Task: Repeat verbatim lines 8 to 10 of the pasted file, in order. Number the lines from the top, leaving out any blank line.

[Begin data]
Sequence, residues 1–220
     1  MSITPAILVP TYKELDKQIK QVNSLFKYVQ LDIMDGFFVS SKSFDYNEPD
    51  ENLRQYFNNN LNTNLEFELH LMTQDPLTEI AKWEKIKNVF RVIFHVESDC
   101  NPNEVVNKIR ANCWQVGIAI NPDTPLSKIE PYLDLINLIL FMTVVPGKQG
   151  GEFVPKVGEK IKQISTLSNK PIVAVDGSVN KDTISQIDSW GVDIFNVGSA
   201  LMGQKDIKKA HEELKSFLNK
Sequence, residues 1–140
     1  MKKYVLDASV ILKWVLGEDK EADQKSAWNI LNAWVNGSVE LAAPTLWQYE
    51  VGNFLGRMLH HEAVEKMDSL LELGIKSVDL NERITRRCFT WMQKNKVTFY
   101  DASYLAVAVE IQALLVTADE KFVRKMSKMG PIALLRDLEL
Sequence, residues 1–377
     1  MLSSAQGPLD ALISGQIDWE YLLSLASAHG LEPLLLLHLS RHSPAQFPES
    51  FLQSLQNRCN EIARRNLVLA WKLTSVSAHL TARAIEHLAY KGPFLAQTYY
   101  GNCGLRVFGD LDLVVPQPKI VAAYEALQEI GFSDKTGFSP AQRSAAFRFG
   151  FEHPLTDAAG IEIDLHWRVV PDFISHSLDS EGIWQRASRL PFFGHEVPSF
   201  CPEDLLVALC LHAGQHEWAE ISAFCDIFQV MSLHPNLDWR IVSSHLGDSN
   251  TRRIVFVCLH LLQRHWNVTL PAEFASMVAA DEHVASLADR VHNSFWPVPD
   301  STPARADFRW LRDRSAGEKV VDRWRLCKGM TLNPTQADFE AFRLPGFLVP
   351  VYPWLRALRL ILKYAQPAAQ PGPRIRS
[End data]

     1  MKKYVLDASV ILKWVLGEDK EADQKSAWNI LNAWVNGSVE LAAPTLWQYE
    51  VGNFLGRMLH HEAVEKMDSL LELGIKSVDL NERITRRCFT WMQKNKVTFY
   101  DASYLAVAVE IQALLVTADE KFVRKMSKMG PIALLRDLEL